Adapted by writer Conor McPherson, staged by Ian Rickson and directed for film here by Ross MacGibbon. It showed up on BBC Four one night, and I clicked over to it because it features my previous collaborator Richard Armitage, and he’s always revelatory when he stretches a bit. UNCLE VANYA was at the Harold Pinter Theatre in 2019 – I have a feeling I knew about that? Turns out this was shot during lockdown, when Covid closed the theatre it was being performed in. They decided to preserve the staging and performances by forming a bubble and shooting the play in a hybrid of theatre and film. The hybridity is seen in examples like breaking the fourth wall — when members of the cast address the audience, they would have stepped forward, perhaps been isolated, but film allows for the close-up, making those fourth-wall monologues more intimate and fluid. The shifting between methods is often electrifying, and creates a real dynamism in crucial scenes like Vanya with the gun.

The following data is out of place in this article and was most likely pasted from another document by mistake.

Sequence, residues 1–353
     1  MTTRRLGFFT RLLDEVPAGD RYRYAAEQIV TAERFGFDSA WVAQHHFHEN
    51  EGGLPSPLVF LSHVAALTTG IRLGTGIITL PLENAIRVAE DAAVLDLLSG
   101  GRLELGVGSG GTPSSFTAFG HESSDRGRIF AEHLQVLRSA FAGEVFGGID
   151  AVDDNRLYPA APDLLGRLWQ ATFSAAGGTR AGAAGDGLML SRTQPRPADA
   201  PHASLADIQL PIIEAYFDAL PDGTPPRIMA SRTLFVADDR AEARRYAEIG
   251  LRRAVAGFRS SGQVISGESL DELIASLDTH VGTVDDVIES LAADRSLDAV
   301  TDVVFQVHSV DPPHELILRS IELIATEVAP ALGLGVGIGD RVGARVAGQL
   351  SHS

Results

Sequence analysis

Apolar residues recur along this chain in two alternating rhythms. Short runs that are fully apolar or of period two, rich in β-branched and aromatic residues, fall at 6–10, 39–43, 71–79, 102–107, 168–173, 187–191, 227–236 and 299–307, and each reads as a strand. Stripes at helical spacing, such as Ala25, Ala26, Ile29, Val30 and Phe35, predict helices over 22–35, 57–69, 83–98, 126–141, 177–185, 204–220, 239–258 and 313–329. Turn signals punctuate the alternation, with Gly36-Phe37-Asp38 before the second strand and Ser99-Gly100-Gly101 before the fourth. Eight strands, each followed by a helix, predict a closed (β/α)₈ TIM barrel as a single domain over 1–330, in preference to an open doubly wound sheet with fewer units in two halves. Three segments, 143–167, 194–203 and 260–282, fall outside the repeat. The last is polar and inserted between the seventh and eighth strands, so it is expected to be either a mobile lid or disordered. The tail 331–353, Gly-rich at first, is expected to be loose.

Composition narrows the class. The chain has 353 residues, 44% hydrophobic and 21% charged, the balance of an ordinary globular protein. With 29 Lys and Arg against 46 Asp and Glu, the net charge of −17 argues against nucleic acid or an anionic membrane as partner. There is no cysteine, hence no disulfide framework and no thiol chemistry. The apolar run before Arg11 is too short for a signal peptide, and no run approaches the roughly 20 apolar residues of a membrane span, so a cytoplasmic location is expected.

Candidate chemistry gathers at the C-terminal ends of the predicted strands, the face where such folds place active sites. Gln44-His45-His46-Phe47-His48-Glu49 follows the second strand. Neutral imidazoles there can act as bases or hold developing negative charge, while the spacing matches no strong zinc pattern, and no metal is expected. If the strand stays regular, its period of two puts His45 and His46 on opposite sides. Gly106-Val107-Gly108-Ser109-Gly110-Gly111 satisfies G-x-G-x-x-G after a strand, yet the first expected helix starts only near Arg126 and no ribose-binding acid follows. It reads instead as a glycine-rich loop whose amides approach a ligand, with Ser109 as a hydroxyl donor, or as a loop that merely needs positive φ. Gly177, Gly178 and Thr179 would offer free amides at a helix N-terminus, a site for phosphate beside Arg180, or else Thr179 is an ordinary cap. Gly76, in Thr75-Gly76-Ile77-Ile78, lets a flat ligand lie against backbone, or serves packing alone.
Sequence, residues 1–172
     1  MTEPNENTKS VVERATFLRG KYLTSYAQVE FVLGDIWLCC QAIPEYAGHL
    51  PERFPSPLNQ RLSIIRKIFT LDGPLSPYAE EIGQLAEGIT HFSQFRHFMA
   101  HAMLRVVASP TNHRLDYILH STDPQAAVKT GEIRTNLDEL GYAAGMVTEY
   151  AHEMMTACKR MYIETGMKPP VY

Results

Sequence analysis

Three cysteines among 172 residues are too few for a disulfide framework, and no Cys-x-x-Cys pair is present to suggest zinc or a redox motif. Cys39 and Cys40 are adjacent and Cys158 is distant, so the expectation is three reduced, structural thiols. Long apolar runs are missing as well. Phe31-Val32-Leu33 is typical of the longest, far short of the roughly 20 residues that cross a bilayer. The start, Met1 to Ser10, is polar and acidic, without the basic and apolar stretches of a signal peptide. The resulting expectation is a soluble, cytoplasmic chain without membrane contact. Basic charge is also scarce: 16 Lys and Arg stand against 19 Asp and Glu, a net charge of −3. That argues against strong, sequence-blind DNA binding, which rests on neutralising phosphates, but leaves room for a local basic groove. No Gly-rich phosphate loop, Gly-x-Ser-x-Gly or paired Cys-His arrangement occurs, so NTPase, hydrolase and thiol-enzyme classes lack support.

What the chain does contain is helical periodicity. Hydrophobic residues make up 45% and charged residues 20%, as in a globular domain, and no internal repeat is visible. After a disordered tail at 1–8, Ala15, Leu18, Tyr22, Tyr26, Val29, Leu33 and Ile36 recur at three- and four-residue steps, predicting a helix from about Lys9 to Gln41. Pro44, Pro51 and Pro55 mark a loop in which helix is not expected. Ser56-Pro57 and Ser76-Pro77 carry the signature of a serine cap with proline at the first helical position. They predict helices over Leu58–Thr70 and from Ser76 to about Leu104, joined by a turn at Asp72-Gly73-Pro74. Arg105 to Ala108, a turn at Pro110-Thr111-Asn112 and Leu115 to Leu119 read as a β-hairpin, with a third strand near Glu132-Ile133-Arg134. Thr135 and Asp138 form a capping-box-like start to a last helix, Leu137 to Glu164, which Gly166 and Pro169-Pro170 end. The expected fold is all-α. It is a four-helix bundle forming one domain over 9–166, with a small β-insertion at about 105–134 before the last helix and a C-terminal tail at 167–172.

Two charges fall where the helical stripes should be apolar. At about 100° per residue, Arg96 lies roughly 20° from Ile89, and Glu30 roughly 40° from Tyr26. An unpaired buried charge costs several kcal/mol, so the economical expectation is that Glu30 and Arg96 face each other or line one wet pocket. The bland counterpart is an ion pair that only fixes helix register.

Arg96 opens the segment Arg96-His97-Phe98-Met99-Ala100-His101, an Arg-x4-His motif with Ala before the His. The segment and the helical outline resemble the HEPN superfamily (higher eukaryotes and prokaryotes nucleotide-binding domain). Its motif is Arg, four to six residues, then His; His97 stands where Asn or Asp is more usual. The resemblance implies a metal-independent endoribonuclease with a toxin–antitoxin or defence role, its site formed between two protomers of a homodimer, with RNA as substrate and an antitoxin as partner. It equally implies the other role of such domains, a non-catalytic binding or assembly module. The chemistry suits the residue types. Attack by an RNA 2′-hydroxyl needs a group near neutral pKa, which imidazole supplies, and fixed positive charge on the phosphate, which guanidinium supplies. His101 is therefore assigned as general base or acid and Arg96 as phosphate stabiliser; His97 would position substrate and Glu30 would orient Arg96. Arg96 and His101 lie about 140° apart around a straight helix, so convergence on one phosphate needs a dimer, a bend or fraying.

The set is stunning. Autumnal glory, both beautiful and promising decay. Toby Jones is magical, Richard Armitage pairs his intensity with some carefully-observed, heartbreaking little motions. and Roger Allam is, as ever, a delight to watch. But the writing! The adaptation is timeloose – sometimes with the sound of the nineteenth century, sometimes explosively contemporary. This fits VANYA, a turn-of-the-century piece sitting on the pivot point between past and future. And, my god, it flows and crackles and surprises.